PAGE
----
The third reason for Germany’s strong commitment to the Ukrainian crisis is its important role as mediator and chief manager of the crisis (Vermittlerrolle-Führungsrolle). Germany thus embodies the EU’s commitment towards a solution of the Ukrainian crisis and represents the interest of the Eastern European countries and in particular Poland, the Baltic States and Romania that, being nearer to Ukraine, are more directly involved and concerned about the possible outcomes of the crisis especially, for the latter one, as far as the Black Sea is concerned. The achievement of the role of leader in the EU’s foreign policy -or in its acronym CSDP- is a very important goal for Germany.

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Therefore, Germany is trying to create a foreign policy stand that is an autonomous from the position of US on Ukraine, attempting at the same time to mend, somehow, its relations with Russia; the outcome of this course chosen by the German Chancelor Angela Merkel with her Russian counterpart, though, is still uncertain or faltering as the Ukraine crisis has hardened or stiffened the resilience of Russian political thinking and way of acting on the international scene, a fact that is well understood and of concern for Merkel herself from the very onset of the Ukrainian crisis in 2013.

Overall, Germany dominates the EU from the economic point of view and would like to mediate -to a certain extent- relations between the US and Russia and their severe geopolitical feud through the management of Ukraine’s crisis and political transformation in order to play in the “first league” of world powers.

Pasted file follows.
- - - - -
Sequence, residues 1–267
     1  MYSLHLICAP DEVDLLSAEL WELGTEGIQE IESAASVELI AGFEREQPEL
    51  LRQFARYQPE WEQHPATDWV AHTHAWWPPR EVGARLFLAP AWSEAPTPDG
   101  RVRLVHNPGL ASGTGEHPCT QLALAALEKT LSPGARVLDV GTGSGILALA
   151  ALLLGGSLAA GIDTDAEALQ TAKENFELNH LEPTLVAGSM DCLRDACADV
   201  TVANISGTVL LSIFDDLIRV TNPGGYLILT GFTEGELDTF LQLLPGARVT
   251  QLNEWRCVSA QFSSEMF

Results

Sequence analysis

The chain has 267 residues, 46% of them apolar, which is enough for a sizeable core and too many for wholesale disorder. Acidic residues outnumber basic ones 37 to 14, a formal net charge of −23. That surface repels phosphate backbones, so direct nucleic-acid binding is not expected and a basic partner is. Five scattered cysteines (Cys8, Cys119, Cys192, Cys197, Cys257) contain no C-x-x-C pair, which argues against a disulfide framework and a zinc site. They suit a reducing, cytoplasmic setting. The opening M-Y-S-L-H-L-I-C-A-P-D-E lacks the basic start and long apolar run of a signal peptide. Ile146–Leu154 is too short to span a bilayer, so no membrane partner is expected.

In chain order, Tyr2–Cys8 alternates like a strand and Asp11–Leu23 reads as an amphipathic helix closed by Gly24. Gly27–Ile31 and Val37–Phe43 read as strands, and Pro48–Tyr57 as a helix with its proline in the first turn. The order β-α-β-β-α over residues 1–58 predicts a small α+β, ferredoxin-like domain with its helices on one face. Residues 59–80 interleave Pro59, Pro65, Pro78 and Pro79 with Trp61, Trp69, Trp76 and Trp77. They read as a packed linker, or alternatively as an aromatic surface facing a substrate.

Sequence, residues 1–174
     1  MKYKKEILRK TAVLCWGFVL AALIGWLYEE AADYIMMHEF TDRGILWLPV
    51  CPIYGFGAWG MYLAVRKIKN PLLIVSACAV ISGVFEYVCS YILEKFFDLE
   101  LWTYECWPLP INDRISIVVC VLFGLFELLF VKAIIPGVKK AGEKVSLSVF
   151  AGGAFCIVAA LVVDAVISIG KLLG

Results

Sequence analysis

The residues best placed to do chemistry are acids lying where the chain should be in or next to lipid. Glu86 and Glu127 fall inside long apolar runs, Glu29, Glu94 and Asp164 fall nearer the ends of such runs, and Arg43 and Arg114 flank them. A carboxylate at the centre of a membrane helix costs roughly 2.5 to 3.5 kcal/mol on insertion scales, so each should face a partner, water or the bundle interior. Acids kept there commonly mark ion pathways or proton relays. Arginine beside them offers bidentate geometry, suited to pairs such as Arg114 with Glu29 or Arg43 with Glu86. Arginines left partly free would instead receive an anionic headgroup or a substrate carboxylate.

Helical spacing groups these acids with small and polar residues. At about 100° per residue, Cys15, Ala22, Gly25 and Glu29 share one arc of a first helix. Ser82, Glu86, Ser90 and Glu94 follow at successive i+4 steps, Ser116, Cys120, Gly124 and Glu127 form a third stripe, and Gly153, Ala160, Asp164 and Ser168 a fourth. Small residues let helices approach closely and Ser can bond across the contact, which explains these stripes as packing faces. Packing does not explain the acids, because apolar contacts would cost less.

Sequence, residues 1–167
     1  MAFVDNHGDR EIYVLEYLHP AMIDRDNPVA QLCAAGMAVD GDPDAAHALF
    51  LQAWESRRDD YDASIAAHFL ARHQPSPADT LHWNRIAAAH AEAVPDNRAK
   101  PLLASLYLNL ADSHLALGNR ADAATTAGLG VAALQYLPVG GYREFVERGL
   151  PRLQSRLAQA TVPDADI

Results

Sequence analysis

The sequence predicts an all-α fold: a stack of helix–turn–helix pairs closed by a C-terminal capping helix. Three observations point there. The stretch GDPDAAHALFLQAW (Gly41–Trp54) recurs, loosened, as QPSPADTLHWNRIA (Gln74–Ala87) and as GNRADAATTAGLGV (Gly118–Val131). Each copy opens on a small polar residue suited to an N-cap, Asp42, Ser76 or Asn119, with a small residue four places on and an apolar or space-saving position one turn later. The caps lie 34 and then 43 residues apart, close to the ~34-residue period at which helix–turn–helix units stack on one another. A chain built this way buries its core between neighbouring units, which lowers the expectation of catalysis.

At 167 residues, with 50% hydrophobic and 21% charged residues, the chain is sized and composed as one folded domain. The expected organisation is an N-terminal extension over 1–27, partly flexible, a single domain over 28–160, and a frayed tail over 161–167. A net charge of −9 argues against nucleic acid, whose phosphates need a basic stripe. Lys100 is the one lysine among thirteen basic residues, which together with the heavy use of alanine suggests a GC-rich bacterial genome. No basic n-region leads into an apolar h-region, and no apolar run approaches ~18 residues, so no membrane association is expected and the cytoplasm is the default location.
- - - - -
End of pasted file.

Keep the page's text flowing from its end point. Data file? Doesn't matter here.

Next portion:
The fourth reason of interest lies is Ukraine’s good profitability for German investments, especially in the manufacturing and in the agrarian sector, in particular in the so called “Black lands” of Western Ukraine. During the Cold War, Germany was an object of international politics (machtgeschützte Innerlichkeit or inwardness protected by someone else’s power) more than a full-fledged player, wholly capable of political actorness and clout in Europe and in the world. The Ukraine crisis has allowed Germany to return to the role of power that defines the developments of regional and continental politics (Ordnungsmacht).

However,it is impossible for Germany, as for any other country, to be a staunch supporter of Ukraine’s EU integration and a good friend of Russia at the same time. On this issue, Germany’s political spectrum is divided between centre-winged parties on one side and the Russia leaning extreme right-winged (AfD) and left-leaning parties(die Linke)-plus the powerful German business community- on the other. The first are in favour of an integration of Ukraine; the latter would prefer mending relations with Russia. The cultural reason behind this derives also from Germany’s dichotomous self-perception as Abendland (with a strong ancient Roman, Greek and Christian cultural legacy) with a leaning to Russian culture seen ideologically as an alternative to the soulless market economy, or as a purely Western-democratic and market oriented society, like the US or Great Britain. It would be necessary for the two sides to strike a deal and make an ultimate commitment to either one choice or the other in order to take a straight stance on the lingering, wearying feud between Russia and the West over the complex and articulated Ukrainian issue.